What is now abundantly clear after the Hillsborough verdicts is that the same questions about the role and conduct of the SYP which were raised at the Warrington inquest are also at the heart of the conduct of the SYP at Orgreave and afterwards.

    That’s why the Hillsborough verdicts are a tremendous boost to our campaign and we are urging the Home Secretary to set up a public inquiry into the policing of Orgreave.

    The scales are falling from sceptical eyes and people are coming around to the view that both campaigns revealed the SYP to be not “citizens in uniform” but out-of-control and unaccountable officers operating above the law. Both Hillsborough and OTJC now want justice, and for those officers to be held to account.

    Granville Williams is a founder member of the OTJC. He is the editor of Settling Scores: The Media, The Police and the Miners’ Strike (www.cpbf.org.uk)

    Find out more about the OTJC at otjc.org.uk and follow it @orgreavejustice.



  3. Thursday 5th May 2016

    posted by Morning Star in Britain

    SOUTH Yorkshire police must open up its archives, Orgreave campaigners demanded yesterday as they sought justice for victims of the force’s brutality against striking miners.

    The Orgreave Truth and Justice Campaign’s challenge follows the inquest ruling that the 96 Hillsborough disaster victims had been unlawfully killed.

    South Yorkshire interim chief constable Dave Smith offered to listen to both Orgreave activists and the families of the Hillsborough victims.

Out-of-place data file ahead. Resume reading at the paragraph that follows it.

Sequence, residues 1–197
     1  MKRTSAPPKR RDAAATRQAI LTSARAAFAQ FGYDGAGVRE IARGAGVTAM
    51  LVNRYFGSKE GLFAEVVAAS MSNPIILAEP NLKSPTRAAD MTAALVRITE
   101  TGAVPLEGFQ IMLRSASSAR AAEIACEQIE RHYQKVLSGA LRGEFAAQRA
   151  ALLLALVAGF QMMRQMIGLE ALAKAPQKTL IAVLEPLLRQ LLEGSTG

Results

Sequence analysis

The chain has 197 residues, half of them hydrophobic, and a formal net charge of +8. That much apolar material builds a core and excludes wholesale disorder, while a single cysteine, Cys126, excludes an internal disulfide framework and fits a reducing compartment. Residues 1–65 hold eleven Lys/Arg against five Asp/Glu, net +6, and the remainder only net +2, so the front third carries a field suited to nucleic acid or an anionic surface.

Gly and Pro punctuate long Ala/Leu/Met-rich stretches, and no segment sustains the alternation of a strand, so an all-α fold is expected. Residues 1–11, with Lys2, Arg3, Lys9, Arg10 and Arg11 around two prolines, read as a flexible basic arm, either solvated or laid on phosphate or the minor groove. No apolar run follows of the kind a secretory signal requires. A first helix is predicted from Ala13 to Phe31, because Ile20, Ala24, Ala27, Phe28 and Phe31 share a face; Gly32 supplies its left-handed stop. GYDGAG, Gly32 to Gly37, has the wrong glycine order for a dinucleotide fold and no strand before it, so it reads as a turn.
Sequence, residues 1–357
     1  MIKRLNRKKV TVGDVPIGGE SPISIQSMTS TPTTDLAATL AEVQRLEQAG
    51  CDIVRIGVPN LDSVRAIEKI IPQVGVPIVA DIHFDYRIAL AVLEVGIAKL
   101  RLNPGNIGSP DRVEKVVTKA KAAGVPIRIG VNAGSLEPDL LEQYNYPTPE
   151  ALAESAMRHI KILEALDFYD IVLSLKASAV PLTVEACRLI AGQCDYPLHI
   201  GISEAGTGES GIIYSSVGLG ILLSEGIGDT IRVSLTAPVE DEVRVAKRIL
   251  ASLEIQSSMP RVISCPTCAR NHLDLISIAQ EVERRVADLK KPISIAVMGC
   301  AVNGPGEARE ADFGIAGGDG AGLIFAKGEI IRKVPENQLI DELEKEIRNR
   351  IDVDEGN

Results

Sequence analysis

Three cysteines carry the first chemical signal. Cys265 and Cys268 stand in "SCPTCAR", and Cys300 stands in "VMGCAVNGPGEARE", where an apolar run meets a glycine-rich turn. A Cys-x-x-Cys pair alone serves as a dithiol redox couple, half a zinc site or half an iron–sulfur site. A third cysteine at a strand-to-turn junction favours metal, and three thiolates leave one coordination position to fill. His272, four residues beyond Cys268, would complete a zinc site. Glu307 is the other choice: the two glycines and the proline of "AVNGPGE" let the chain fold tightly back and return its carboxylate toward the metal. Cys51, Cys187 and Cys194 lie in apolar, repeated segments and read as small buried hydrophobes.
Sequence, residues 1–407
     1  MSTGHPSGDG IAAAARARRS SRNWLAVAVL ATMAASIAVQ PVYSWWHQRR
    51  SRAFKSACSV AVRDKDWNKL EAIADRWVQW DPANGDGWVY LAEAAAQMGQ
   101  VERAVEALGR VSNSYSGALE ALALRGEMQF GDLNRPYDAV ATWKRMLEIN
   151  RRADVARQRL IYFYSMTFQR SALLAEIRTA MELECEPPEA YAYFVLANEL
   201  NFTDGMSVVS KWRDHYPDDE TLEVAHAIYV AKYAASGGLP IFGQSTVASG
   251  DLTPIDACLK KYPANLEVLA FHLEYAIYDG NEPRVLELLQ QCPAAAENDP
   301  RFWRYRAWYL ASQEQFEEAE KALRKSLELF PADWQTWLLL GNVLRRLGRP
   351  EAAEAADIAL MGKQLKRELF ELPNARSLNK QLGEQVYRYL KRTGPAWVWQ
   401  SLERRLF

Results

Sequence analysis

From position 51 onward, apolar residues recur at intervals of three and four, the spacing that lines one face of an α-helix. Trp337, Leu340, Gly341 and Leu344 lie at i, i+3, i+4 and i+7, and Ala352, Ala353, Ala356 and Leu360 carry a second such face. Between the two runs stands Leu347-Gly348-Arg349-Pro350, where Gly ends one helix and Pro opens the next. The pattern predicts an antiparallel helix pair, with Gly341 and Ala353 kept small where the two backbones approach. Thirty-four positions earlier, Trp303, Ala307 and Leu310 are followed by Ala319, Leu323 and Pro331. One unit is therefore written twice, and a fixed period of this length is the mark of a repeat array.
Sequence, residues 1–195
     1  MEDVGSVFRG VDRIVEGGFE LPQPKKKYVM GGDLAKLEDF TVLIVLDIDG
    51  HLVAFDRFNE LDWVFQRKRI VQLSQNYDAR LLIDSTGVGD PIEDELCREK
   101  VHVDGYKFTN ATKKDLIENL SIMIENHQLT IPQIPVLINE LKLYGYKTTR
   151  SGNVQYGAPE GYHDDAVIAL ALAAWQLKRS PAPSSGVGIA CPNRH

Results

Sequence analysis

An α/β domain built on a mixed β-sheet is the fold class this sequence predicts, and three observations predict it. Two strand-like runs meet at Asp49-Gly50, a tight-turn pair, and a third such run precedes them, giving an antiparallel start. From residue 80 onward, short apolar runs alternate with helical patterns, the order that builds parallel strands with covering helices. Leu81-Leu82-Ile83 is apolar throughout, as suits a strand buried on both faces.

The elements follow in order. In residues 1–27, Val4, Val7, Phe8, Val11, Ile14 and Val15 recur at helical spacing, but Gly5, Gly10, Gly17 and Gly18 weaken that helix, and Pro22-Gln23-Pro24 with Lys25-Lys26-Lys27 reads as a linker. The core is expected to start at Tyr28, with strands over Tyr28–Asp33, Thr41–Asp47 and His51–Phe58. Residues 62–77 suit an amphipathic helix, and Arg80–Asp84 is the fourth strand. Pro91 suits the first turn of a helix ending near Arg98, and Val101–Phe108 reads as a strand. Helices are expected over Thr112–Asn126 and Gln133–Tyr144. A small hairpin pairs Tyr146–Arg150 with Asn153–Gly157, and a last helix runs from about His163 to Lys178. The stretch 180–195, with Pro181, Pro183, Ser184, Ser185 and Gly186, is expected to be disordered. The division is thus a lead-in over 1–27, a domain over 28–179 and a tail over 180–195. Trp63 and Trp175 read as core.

The Orgreave campaign’s secretary Barbara Jackson said they will take up Mr Jones’s offer but said they did not want it to be a “token gesture.”

    She tasked the chief constable to intervene in their legal bid to push Home Secretary Theresa May to hold a public inquiry into the events at Orgreave in 1984.

    It took place at a coking plant on the borders of Rotherham and Sheffield, when large numbers of pickets were attacked by around 6,000 police.

    A total of 95 miners were charged following the disturbances but their trial collapsed. Former miners’ leader Arthur Scargill, who was arrested at Orgreave, has also called for a public inquiry into what happened.

    His intervention came as the Yorkshire Post said it had seen redacted sections of an Independent Police Complaints Commission (IPCC) report.

    The paper said the hidden sections reveal that the same senior officers and solicitor were involved both in the aftermath of Orgreave and Hillsborough in 1989.

    South Yorkshire Police referred itself to the IPCC in 2012 over allegations officers colluded to write court statements relating to Orgreave.

    The watchdog later said there was “support” for the allegation that senior police exaggerated pickets’ use of violence.

    Now the commission is considering whether an unredacted version of the report can now be made public.

    Mr Scargill told BBC Radio 5 Live: “I want to see a full open public inquiry and the individuals responsible should be named. I accuse those individuals now.”

    A spokeswoman for the IPCC said the report it published last year was redacted partly because of the ongoing Hillsborough inquests.



  4. Friday 6th May 2016

    posted by Morning Star in Britain

    A FORMER Manchester police chief called yesterday for a public inquiry into Margaret Thatcher’s use of the police during the 1984-5 miners’ strike.

    In a surprise move, retired Greater Manchester chief constable Sir Peter Fahy said Thatcher’s government had deployed police as shock troops to break the strike.

    Mr Fahy said the use of officers to serve a political agenda had created a “them and us” culture that was still harming police reputations.

    “It’s time for a public inquiry … not just Orgreave and the role of the police, but also the role of politicians,” he said.